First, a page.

The Watts of Los Angeles (for those of you who don’t about Watts, L.A. click here
) are very different than the Wats of Chiang Mai. A “Wat” in Thai means “temple” and in Thailand this means a Buddhist temple. There seem to be countless Wats in Chiang Mai and almost every time we turn a corner another beautiful structure appears. We had our first Wat experience within hours of arriving in Chiang Mai. Later we discovered it is called Wat Buppharam:
Here is Ligeia sitting on the steps leading up to the temple:
This particular Wat is famous for its dragon heads which are rather hard to forget:
Adjacent to all the Wats we’ve seen is a stupa with statues of Buddha and a place where people can leave an offering:
The offerings usually include incense and flowers and fruit.
We’ve also seen some things that we just can’t explain, like this statue just outside a Wat very close to our apartment building. Clearly we still have a lot to learn.
The Wats seem to be a place where birds congregate. One even had lots of bird poop everywhere near it. But Buddha doesn’t seem to mind:
One thing that seems to be different about each Wat we visit are the doors. They range in both material and subject matter. This one is a carved wooden door featuring elephants…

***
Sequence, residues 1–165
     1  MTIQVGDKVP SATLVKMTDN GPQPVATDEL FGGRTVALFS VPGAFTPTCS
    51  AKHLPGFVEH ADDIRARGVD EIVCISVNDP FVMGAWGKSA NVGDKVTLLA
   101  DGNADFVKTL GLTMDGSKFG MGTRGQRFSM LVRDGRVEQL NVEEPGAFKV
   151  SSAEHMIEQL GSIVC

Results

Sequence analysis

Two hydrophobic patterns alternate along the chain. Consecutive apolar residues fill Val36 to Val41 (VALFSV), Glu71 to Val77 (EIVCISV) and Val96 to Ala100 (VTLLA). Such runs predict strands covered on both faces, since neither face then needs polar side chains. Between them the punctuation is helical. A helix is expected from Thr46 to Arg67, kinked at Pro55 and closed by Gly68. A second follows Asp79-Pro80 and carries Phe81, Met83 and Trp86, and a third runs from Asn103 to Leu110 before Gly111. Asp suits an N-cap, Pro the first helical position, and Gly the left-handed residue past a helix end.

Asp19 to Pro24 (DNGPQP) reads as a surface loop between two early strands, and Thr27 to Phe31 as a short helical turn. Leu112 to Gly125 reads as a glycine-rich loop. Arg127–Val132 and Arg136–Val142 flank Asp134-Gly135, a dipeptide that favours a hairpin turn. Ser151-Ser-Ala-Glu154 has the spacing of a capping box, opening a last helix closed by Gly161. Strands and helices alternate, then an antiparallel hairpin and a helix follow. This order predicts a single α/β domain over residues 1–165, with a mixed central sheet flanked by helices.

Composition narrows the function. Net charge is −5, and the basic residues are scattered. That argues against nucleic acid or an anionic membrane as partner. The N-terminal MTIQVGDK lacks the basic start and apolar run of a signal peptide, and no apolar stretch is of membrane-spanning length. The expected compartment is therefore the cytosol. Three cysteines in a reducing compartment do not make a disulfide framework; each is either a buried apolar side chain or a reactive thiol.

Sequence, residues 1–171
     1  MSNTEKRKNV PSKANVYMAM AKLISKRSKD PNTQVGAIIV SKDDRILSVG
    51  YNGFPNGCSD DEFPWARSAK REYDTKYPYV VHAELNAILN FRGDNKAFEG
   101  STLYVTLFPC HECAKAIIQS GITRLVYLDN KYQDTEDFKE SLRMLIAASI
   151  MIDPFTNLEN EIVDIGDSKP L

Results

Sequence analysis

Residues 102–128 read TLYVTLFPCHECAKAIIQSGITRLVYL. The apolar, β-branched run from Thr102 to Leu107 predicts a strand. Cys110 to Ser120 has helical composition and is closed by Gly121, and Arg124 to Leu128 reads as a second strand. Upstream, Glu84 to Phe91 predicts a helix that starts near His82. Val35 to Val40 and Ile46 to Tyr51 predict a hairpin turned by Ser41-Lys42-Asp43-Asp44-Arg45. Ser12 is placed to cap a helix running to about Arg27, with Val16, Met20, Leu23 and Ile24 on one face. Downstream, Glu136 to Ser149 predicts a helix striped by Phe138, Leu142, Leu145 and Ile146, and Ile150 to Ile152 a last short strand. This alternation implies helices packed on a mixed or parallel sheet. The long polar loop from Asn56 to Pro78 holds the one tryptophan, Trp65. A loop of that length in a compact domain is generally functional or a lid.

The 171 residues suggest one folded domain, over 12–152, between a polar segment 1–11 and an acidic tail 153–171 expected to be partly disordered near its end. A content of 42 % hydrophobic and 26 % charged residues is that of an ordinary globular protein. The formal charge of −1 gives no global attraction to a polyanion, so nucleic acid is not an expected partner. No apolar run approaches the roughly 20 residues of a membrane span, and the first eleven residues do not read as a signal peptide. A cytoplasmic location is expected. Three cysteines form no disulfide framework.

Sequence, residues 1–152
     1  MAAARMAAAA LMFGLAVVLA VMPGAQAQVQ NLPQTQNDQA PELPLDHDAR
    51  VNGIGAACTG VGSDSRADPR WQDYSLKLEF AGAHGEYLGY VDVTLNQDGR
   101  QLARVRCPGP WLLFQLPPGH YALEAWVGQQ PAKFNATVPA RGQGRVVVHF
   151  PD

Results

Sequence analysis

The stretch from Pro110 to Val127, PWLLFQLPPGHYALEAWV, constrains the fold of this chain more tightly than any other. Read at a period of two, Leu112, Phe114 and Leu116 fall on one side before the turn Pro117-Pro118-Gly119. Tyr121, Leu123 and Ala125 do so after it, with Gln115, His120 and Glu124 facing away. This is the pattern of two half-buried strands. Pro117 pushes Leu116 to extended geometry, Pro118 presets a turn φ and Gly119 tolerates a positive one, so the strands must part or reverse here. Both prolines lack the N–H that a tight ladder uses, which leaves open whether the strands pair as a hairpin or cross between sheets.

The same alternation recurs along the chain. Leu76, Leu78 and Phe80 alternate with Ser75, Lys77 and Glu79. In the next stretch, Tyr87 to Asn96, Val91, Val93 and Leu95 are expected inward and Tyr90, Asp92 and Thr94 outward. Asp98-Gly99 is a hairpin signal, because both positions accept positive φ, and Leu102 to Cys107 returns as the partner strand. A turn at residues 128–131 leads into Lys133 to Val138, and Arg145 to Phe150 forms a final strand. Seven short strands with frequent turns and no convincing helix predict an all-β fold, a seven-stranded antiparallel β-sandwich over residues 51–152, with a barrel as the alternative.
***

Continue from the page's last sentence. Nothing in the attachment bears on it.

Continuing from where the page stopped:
…whereas these doors are golden featuring what looks to be warriors:
Inside every Wat is a large statue of Buddha surrounded by many little statues of him…
…and in the case of the Wat Phra Singh, established in 1345 and considered the “star amid the old city’s famous temples”, statues of what looks to be famous monks. If you’ll notice there is an actual monk sitting among the statues. He was so still that we actually thought he was a more life-like statue at first. We had never seen a person sit that still – we saw no breathing, no blinking and no muscle twitches and we stayed for at least 20 minutes! We’d never seen someone more at peace.
Here is a particularly lovely Wat just off the “walking street” (every Sunday evening) where a mother is introducing Buddhism to her young child.
Many Wats have a huge gong just outside of them…
…and some have bells. From our time in Tibet, we learned that it is common in Buddhism to walk in a clockwise path, ringing each bell as you go.
We both have really enjoyed exploring the city’s Wats that seem to appear out of nowhere and all look different:
Ligeia likes the animals they often feature the most.
And just when we thought we had seen everything, we run into this:
We have a feeling that there is still so much more to discover here in Chiang Mai so we meet each wrong turn with enthusiasm as you never know just what we might find that we didn’t even know we were looking for!
Lots of love and thanks for following our adventures!
Ligeia and Mindy :):)